[4] Understanding and correctly simulating these feedbacks are important. As greenhouse gases, including carbon dioxide, increase in the atmosphere, the increase in radiative forcing results in higher surface temperatures, increased water-holding capacity of the atmosphere, increased evaporation, and larger water vapor amounts. As water vapor is the dominant greenhouse gas, it results in a positive feedback and roughly doubles the surface temperature change [Randall et al., 2007]. Associated with this feedback is an increase in OLR due to differential surface and tropospheric warming, the so-called lapse rate feedback, which partially offsets the increased greenhouse effect from water vapor [Randall et al., 2007]. Decreases in snow and ice reduce the albedo and further amplify climate change, most notably in high latitudes over a small part of the globe [Soden and Held, 2006; Bony et al., 2006; Randall et al., 2007].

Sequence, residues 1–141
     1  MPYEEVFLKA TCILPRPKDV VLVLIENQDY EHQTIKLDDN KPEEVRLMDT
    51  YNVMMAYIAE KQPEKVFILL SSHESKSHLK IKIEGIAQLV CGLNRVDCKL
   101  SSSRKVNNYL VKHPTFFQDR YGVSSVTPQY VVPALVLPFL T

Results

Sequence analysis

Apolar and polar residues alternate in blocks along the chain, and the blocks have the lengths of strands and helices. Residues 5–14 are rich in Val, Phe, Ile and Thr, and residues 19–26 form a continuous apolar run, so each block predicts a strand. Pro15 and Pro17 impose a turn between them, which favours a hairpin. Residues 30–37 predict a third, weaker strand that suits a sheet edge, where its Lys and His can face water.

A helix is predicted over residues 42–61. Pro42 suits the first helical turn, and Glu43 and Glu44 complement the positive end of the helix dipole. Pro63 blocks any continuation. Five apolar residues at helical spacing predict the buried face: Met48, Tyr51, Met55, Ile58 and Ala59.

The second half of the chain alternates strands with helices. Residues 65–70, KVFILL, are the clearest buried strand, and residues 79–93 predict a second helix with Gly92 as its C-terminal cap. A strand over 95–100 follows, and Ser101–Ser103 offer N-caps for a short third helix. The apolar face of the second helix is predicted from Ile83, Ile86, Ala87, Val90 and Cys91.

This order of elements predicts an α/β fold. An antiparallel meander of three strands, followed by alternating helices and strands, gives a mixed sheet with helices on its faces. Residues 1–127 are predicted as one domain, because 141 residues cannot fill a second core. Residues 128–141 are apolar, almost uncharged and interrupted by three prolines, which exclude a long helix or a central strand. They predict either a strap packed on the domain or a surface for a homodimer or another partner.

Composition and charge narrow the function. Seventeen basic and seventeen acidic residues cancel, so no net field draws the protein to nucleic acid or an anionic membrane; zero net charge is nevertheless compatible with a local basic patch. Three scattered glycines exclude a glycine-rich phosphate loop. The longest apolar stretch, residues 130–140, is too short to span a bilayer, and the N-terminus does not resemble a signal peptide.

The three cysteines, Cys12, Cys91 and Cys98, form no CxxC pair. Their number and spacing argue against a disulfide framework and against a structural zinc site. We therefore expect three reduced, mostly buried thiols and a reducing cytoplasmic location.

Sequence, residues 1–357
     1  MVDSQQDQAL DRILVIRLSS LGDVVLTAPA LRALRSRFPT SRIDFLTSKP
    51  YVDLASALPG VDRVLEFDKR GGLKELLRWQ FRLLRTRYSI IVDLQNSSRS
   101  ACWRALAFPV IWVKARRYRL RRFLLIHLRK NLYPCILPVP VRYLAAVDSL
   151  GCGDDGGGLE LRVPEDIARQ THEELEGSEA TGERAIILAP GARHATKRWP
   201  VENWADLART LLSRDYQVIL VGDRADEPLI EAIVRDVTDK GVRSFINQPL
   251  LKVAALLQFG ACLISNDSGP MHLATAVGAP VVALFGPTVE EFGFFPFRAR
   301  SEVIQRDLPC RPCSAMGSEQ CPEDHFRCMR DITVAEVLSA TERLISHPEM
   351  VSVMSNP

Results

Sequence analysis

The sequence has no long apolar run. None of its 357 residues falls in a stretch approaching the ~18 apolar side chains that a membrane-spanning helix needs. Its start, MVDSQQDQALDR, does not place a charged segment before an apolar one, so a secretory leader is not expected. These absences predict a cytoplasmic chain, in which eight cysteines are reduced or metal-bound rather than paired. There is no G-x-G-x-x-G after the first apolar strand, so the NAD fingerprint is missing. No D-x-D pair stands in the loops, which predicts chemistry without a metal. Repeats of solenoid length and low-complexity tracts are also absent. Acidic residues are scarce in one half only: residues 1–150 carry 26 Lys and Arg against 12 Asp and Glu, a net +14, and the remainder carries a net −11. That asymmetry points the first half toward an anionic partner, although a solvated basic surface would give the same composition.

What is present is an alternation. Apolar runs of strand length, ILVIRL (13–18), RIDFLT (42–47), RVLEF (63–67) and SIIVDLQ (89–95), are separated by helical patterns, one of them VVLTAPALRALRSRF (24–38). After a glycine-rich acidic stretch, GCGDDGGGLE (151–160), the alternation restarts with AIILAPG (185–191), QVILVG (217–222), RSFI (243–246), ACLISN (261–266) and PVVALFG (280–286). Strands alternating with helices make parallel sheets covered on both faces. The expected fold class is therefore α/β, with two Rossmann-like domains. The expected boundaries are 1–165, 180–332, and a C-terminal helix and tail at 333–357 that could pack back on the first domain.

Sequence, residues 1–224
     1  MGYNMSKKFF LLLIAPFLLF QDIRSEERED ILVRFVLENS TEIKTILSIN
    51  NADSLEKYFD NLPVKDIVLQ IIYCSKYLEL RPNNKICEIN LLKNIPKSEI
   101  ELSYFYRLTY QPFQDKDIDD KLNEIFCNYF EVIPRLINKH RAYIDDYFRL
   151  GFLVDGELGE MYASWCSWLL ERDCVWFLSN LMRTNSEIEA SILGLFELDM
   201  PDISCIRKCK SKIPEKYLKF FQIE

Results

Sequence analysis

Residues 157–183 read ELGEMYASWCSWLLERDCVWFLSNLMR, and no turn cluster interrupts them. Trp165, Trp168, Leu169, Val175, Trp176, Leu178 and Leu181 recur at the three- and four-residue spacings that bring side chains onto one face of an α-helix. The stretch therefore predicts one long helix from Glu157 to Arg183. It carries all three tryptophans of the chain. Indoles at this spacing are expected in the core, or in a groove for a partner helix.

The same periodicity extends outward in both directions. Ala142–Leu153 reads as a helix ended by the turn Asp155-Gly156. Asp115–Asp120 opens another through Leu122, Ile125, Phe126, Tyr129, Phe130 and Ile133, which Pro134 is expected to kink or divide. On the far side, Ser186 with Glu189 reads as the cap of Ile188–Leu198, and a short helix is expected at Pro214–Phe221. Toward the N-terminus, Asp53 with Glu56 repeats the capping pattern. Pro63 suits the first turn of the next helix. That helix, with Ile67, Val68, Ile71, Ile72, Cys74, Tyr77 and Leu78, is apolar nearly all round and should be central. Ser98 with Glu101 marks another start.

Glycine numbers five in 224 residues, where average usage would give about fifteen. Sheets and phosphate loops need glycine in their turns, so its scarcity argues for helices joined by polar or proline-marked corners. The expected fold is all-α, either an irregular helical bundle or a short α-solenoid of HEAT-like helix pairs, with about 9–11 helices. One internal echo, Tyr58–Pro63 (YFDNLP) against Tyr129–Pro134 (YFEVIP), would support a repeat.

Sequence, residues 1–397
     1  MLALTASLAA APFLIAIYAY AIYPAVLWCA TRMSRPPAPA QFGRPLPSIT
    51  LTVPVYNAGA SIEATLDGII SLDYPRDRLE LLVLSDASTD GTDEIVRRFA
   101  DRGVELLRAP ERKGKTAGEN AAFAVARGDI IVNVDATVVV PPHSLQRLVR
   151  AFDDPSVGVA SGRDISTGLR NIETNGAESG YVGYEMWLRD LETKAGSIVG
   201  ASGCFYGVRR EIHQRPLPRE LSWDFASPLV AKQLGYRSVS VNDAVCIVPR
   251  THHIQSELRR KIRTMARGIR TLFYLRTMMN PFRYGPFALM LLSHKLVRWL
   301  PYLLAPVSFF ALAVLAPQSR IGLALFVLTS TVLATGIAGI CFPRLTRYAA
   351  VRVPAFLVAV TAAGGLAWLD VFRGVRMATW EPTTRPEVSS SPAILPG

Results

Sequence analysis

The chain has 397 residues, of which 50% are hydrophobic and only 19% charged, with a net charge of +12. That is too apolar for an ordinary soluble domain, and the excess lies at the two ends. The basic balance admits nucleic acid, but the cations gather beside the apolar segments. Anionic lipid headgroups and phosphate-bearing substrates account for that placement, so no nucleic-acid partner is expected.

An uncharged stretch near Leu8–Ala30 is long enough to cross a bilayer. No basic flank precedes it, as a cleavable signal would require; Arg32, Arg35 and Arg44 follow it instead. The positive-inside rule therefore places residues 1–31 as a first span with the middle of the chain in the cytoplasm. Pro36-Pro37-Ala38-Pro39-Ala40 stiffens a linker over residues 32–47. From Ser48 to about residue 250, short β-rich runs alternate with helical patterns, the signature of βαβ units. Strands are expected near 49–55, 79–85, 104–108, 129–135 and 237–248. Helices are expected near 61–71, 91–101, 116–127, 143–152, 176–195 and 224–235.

[5] But how should clouds change? Linkages between clouds and the energy budget are well established, and changes in cloud as the climate changes are a key feedback and the largest source of uncertainty in climate modeling [Soden et al., 2004; Bony et al., 2006; Wyant et al., 2006]. Clouds block the sun and thus cause a cooling, but clouds also have a greenhouse effect and produce warming. In many regions, such as where there is deep convection, these two effects strongly compensate [e.g., Kiehl, 1994]. However, due to their disproportionate impact on shortwave (SW) and LW fluxes, low clouds play a particularly important role in climate as they are able to reduce ASR while having relatively little impact on OLR. The question of how clouds change is complicated by changes in atmospheric particulates (aerosol) not directly connected to the climate change but which can serve as cloud condensation nuclei and alter clouds in several ways. Here we show how clouds and radiation change in current climate models. Because these changes are physically significant and they amplify warming in most models, the basis for the reality of these changes deserves close scrutiny.